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A savings plan for all seasons

By Kemberley Washington ·
Thursday, January 17, 2013
Posted: 5 pm ET

If you have had trouble saving in the past, the new year can be a chance to start again. Implementing a savings plan is crucial to help you through good times and bad.

During seasons when you have more than enough, it is essential to put something aside for rainy days. This may sound like a simple concept, but it is most often ignored in a society where we want more and more.

A business owner once told me the key to his financial success was simply to live below his means and save during seasons of prosperity. As your income increases, it is important to make certain your expenses do not.

The business owner said he would often save windfalls, profits from new clients and any other financial increases. Because of this, he has had the ability to purchase cars and other assets with cash and live a debt-free lifestyle.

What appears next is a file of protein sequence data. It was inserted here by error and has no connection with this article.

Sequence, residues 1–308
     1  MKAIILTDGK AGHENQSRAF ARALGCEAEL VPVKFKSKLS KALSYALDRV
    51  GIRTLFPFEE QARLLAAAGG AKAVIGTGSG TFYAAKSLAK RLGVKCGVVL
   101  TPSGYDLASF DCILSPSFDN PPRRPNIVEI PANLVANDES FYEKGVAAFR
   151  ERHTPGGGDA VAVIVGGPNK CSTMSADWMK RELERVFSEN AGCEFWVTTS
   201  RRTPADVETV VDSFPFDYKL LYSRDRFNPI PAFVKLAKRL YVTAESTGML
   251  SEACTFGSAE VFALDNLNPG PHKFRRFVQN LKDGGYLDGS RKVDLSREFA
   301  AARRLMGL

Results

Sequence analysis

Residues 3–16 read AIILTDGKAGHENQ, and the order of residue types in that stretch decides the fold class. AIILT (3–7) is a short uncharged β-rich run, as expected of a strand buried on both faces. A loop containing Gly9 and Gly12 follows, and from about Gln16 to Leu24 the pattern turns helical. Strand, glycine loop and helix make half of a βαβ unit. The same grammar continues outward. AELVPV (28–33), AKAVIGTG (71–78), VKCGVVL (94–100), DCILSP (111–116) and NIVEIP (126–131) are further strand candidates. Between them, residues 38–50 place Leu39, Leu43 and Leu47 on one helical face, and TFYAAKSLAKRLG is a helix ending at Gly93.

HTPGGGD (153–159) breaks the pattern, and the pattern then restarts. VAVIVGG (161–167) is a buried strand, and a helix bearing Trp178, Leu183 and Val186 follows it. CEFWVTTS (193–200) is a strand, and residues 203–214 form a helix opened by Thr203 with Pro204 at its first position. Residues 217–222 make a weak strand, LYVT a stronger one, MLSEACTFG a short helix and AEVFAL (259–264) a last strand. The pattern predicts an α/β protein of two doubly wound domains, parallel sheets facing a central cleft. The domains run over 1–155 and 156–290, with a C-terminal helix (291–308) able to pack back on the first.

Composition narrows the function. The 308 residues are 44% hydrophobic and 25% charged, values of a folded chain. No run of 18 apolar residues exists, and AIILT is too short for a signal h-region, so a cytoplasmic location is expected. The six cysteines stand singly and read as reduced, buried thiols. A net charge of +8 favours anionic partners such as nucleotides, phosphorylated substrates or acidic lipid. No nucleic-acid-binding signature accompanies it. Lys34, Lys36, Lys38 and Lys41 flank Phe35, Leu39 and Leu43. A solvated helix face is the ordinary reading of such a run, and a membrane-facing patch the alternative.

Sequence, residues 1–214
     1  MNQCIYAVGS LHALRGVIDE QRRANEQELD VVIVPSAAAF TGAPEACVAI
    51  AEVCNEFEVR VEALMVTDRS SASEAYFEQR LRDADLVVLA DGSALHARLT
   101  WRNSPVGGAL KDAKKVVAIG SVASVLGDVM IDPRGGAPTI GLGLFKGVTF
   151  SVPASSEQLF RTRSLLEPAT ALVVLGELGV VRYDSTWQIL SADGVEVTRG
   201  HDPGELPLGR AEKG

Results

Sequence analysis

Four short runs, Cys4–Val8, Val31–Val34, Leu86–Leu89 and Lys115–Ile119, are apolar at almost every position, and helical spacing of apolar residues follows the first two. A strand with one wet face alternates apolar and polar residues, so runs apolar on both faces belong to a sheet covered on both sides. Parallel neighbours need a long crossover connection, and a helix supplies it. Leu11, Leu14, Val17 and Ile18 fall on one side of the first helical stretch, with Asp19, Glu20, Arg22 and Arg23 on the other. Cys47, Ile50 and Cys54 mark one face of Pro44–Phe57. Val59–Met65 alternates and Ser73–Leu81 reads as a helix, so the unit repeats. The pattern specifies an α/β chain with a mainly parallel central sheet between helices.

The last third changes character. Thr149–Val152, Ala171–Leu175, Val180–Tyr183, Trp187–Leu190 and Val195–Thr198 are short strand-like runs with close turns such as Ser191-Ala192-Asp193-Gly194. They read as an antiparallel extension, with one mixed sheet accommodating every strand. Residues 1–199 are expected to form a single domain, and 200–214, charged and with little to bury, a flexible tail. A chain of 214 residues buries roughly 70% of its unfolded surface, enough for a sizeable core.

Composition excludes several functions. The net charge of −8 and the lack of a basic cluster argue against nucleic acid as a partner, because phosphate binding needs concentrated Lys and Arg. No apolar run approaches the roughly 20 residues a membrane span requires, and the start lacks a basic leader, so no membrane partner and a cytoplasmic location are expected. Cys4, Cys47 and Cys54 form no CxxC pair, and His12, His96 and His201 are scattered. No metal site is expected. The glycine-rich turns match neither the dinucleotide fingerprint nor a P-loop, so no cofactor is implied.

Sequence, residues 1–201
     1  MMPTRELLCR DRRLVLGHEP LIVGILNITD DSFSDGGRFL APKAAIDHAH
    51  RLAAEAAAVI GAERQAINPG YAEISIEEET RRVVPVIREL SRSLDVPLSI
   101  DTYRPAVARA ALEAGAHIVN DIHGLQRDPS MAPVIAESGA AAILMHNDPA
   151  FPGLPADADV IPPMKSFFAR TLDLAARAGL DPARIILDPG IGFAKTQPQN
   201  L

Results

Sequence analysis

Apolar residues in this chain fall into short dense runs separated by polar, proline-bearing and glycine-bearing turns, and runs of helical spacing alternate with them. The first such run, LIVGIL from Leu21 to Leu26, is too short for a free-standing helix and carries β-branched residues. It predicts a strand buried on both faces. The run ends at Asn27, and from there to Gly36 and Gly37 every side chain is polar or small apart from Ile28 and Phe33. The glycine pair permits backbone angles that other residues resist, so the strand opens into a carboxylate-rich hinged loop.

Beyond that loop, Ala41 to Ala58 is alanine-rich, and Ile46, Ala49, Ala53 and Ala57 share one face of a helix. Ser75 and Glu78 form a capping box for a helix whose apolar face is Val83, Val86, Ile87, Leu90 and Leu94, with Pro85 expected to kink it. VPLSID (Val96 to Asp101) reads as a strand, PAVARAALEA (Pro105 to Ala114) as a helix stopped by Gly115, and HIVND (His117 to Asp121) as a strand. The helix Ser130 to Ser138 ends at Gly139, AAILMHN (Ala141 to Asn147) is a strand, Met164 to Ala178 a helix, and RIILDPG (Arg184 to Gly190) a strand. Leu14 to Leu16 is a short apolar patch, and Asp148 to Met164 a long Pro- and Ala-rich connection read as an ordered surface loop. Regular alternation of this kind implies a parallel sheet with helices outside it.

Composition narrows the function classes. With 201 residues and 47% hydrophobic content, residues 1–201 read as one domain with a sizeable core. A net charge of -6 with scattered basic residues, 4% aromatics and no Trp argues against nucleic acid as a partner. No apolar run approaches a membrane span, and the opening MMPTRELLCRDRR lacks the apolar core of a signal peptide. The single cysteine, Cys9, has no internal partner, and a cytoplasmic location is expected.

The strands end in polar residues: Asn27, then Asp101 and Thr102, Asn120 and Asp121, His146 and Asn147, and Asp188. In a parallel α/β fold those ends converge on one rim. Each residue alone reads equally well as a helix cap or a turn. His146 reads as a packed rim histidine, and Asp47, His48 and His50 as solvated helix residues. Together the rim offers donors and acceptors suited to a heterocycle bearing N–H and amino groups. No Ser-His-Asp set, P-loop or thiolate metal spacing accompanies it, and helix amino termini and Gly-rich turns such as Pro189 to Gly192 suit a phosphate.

Save without effort

One of the keys to successful saving is to save with little to no effort. After graduating from college, saving money was a huge challenge for me, mostly because I lacked discipline. To conquer this challenge, I began to save in accounts where withdrawing my money would be challenging due to penalties or lack of access.

Your company's 401(k) plan is a great place to start using this savings technique. Payments are automatically deducted without any effort on your part, and you generally cannot access the funds without paying a penalty.

I also like saving into short-term assets, such as savings bonds. Savings bonds prohibit withdrawals until after a year. That means you are required to leave your money intact for a period of time.

Of course, the downfall is if you really need the money, you may not be able to withdraw it. But if you lack discipline like I did, this strategy is a key way to jump-start your savings plan. I still use these saving techniques in my financial life and they have served me well.

Remember: your choice, your future!

Kemberley Washington is a certified public accountant and business professor. She writes a personal finance blog at Follow her on Twitter and on Facebook.

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